Note that differently to Ethereum, the Qtum EVM is constantly backwards compatible. Pursuing a pragmatic design approach, Qtum employs industry use cases with a strategy comprising mobile devices. The latter allows Qtum promoting blockchain technology to a wide array of Internet users and thereby, decentralizing PoS transaction validation.
The Ethereum account model has scalability bottlenecks. There are advantages for the Bitcoin-network UTXO model.
Qtum Contract and EVM Integration
The EVM is stack-based with a 256-bit machine word. Smart contracts that run on Ethereum use this virtual machine for their execution. The EVM is designed for the blockchain of Ethereum and thus, assumes that all value transfer use an account-based method. Qtum is based on the blockchain design of Bitcoin and uses the UTXO-based model. Thus, Qtum has an account abstraction layer that translates the UTXO-based model to an account-based interface for the EVM. Note that an abstraction layer in computing is instrumental for hiding the implementation details of particular functionality to establish a separation of concerns for facilitating interoperability and platform independence.
EVM Integration: All transactions in Qtum use the Bitcoin Scripting Language,
just like Bitcoin.
In Qtum however, there exist three new opcodes.
– OP_EXEC: This opcode triggers special processing of a transaction (explained below) and executes specific input EVM bytecode.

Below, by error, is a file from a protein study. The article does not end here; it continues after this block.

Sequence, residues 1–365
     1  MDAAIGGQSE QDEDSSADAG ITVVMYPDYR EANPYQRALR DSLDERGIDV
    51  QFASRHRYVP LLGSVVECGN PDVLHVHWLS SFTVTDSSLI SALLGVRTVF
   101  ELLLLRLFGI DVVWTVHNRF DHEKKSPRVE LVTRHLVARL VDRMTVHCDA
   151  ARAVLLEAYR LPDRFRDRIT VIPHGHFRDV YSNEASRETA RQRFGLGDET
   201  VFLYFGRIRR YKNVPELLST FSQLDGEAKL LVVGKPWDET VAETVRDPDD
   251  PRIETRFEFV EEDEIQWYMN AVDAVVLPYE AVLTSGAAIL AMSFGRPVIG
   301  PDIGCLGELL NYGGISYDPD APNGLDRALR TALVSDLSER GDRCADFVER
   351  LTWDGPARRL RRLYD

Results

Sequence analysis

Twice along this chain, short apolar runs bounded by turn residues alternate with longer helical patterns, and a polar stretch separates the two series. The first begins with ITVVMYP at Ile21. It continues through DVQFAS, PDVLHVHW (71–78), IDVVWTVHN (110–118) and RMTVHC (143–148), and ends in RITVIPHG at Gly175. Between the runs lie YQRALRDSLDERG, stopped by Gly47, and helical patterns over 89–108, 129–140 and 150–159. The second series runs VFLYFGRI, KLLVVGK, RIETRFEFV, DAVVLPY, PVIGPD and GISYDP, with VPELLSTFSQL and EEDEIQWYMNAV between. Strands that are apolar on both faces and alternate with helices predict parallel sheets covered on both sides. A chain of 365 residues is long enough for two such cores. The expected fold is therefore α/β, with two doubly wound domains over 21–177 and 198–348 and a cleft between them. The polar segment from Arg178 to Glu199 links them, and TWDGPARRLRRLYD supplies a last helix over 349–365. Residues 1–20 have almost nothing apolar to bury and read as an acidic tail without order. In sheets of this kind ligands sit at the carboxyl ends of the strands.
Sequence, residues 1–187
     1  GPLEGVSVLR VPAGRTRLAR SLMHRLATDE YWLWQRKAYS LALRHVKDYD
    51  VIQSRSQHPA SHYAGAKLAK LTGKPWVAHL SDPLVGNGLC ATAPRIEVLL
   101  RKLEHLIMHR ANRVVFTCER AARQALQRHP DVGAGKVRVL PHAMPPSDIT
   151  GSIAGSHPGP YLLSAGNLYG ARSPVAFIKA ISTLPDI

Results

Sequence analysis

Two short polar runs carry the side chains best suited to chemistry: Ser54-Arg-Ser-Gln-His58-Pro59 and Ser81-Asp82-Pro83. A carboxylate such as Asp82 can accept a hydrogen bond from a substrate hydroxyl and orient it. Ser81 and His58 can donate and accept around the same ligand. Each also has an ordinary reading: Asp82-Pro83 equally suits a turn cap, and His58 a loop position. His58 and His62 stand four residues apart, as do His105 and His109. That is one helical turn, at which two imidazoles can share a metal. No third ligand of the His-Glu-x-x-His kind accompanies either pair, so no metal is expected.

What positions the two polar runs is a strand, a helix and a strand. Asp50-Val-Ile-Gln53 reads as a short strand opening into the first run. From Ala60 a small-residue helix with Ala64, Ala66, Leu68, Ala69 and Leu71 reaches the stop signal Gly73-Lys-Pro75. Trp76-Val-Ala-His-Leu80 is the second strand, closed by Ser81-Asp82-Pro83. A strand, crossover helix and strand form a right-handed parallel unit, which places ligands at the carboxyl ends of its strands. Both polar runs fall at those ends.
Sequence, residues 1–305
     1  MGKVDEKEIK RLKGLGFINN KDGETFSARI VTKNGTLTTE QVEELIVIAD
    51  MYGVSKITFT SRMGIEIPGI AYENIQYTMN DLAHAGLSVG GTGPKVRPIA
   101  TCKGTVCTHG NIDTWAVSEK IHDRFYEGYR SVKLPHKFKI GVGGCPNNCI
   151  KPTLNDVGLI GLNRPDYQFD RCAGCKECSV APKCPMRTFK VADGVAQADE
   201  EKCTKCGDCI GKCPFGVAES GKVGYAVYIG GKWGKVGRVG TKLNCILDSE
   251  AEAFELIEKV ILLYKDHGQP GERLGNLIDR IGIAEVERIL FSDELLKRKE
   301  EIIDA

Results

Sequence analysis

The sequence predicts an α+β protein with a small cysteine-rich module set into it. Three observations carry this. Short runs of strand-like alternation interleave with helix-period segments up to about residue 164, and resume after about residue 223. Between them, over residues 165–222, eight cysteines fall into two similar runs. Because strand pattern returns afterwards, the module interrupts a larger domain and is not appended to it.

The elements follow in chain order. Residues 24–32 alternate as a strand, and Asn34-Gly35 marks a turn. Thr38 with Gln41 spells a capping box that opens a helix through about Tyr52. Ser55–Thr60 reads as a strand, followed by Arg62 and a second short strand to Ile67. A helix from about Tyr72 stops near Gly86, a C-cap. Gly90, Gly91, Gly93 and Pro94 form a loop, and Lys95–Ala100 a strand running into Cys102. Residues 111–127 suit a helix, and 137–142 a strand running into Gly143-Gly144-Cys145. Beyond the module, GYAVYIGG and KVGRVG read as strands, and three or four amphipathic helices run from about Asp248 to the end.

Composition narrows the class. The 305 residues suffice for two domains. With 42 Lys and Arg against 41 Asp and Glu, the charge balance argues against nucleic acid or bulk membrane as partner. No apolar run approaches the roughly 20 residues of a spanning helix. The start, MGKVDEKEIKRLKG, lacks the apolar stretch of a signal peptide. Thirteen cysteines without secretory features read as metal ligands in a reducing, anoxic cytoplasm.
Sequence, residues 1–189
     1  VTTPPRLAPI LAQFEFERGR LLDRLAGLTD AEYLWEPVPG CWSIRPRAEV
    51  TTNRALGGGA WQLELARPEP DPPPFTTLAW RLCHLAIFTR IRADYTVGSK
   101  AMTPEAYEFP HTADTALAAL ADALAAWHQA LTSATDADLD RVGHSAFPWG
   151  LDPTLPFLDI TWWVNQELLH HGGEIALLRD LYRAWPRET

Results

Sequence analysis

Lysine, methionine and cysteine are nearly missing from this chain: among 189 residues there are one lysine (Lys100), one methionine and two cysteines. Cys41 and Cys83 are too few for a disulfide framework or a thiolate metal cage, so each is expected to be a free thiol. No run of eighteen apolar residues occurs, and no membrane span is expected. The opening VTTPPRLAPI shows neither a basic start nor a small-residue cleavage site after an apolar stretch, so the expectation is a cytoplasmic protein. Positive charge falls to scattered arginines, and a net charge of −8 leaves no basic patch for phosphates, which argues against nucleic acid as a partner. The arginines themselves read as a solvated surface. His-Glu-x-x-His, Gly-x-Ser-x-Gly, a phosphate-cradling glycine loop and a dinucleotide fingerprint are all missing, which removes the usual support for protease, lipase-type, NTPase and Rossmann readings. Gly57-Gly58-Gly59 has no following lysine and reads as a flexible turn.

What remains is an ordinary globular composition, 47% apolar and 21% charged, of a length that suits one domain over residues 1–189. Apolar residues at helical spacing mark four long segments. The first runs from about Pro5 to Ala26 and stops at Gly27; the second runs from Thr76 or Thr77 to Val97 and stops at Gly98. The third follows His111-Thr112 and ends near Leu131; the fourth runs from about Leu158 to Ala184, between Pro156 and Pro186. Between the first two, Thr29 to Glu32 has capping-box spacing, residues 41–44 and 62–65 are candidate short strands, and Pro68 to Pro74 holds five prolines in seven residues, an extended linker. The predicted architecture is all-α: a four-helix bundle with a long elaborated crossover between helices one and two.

– OP_EXEC_ASSIGN: This opcode also triggers special processing such as OP_EXEC.
This opcode has as input a contract address and data
for the contract. Next follows the execution of contract bytecode while passing in the given data (given as CALLERDATA in EVM). This opcode optionally transfers money to a smart contract.
– OP_TXHASH: This opcode is used to reconcile an odd part of the accounting abstraction layer and pushes the transaction ID hash of a currently executed transaction.
Qtum however, must accommodate smart contracts that execute immediately
when merged into the blockchain. Qtum achieves this by the special processing of transaction output scripts (ScriptPubKey) that contain either OP_EXEC, or OP_EXEC_ASSIGN. When one of these opcodes is detected in a script, it is executed by all nodes of the network after the transaction is placed into a block. In this mode, the actual Bitcoin Script Language serves less as a scripting language and instead carries data to the EVM. The latter changes state within its own state database, upon execution by either of the opcodes, similar to an Ethereum contract.
A Qtum-blockchain deployed smart contract is assigned and callable by its address and comprises a newly deployed contract balance set to zero. There is currently no protocol in Qtum that allows a contract to be deployed with a non-zero balance. In order to send funds to a contract, a transaction uses the OP_EXEC_ASSIGN opcode.